The answer to this question brings forth so subtle a truth of fundamental import in this, the theoretical and practical use of language, that St. Augustine overlooked it even while using such language which assumed it, before formulating a conclusion which, upon first glance, does indeed appear to get rid of this second individual for whom we ourselves, perhaps too hastily, have determined we have no use. Upon closer reading, we see in St. Augustine’s conclusion that this second party has undergone a transformation which simply makes him harder to spot: the questioner, or the student (to whom we offer explanation as to what our understanding of walking is, for example), has been sublimated by St. Augustine and—it may turn out—by ourselves, to a sign in his or her own right, and is no longer the student, but the teacher to whom we refer. In fact, this sublimation has brought him or her to an even higher conceptual status in this, our language game, our ‘system of signs imbued with meaning’, and it is because of this transformation of theirs that we do not notice their lingering presence. In St. Augustine’s time, and because he was a man of faith, it was taken for granted that this sublimated second party was God. For us, as so much time has passed since this conversation between St. Augustine and his son took place, this highest referent, this ultimate sign, has gone by many names. Whatever name we see fit to choose, He or She or It—as you prefer—can be readily understood as something like, ‘the highest beacon for truth and knowledge’ to which we seekers of such things refer for absolute—indeed, divine—confirmation of our understanding of the world entire. At the time, Adeodatus—a happy adolescent, from what we know, who took his father at his word—likely saw his father as such.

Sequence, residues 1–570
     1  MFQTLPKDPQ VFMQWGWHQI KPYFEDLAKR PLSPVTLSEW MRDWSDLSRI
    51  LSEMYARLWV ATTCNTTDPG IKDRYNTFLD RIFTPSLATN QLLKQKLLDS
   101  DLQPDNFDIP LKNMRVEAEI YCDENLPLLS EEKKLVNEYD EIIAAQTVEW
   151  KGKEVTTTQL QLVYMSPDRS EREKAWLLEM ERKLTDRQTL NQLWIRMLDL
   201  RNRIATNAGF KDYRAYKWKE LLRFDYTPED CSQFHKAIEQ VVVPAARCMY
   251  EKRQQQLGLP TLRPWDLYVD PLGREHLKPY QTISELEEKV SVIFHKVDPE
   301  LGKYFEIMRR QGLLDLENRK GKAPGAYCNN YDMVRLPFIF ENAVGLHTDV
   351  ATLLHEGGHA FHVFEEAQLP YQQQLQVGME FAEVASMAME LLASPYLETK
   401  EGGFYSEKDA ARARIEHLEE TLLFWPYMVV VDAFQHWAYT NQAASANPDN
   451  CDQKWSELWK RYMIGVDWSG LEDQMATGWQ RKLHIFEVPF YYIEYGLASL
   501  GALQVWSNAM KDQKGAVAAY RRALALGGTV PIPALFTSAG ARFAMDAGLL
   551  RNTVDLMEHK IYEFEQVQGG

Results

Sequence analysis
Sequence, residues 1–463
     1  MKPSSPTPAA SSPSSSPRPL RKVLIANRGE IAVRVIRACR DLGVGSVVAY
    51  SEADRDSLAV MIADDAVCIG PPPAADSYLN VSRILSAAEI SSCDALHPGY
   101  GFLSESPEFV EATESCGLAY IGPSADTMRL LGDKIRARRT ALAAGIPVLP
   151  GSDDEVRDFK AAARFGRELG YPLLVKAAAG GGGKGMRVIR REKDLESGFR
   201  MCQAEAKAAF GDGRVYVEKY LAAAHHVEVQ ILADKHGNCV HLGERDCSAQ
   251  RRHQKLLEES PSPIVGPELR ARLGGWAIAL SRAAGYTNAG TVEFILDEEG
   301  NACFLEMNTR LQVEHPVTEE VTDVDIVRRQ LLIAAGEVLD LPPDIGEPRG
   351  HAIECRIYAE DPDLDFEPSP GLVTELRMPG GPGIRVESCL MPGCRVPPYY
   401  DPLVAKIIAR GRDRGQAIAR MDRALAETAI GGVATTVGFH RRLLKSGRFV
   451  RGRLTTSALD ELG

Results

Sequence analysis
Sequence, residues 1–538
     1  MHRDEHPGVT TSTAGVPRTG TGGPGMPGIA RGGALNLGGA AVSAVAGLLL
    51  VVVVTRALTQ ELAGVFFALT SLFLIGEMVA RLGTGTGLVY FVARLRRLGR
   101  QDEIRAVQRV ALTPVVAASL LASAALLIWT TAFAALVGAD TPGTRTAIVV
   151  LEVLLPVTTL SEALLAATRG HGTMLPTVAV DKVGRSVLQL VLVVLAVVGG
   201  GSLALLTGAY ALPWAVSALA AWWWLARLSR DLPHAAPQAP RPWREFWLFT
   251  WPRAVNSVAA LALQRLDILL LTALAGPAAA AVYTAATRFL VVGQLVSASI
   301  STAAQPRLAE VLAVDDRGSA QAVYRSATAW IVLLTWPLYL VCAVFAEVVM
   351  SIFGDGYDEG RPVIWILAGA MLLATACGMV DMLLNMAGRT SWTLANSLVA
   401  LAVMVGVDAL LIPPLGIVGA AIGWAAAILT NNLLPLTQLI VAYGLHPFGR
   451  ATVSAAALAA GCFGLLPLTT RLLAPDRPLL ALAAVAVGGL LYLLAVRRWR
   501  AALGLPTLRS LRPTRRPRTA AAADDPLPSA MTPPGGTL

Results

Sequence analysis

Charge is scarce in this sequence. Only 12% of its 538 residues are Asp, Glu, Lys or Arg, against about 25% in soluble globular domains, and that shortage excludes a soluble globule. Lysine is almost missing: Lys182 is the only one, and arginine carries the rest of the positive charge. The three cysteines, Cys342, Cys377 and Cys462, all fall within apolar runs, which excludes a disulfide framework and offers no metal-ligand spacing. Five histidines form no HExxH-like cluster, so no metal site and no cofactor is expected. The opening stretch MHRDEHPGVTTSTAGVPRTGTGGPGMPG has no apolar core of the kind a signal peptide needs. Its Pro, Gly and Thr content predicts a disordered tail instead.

It’s a subtle science which we’re about to delve a little deeper into; a science which has for most of history been referred to as ‘theology’, or the study of God. What this means is that from here on, whatever we entertain, even if innocent thought experiment, can be interpreted by some as blasphemous, as St. Augustine’s own conclusion on the matter certainly was—and still is, by those who identify themselves by no less foreboding a title than the Christian orthodox. If St. Augustine eventually repented for the brash and over-confident tone of the conclusion we’re about to read, he never went so far back on his word as to deny it, and its consequences can be felt even up to the present day. Aged thirty-one or thirty-two at the time, and just discovering the depth and passion of his faith, Augustine—not yet a saint—finds success in this first attempt at comprehending divine revelation by first forgetting his hypothetical role as either teacher or student, suggesting instead some as-yet-unmentioned third position—perhaps that of father to son, but certainly occupied by a being best described as having reached what Augustine himself would have considered to be his own level of expertise and wisdom at the time, as a practised philosopher, successful rhetorician, and, now, blossoming Christian:

“Thousands of things occur to the mind, which may be shown through themselves when no sign has been given. Why then do we hesitate, I pray you? For passing over the innumerable spectacles of men in every theatre where things are shown through themselves without signs, surely the sun and this light bathing and clothing all things, the moon and the other stars, the lands and the seas, and all things which are generated in them without number, are all exhibited and shown through themselves by God and nature to those who perceive them.”

St. Augustine concludes beautifully:

“If we consider this more carefully, perhaps you will find there is nothing which is learned by means of signs. For when a sign is given to me, if it finds me not knowing of what thing it is a sign, it can teach me nothing, but if it finds me knowing the thing of which it is a sign, what do I learn from the sign?”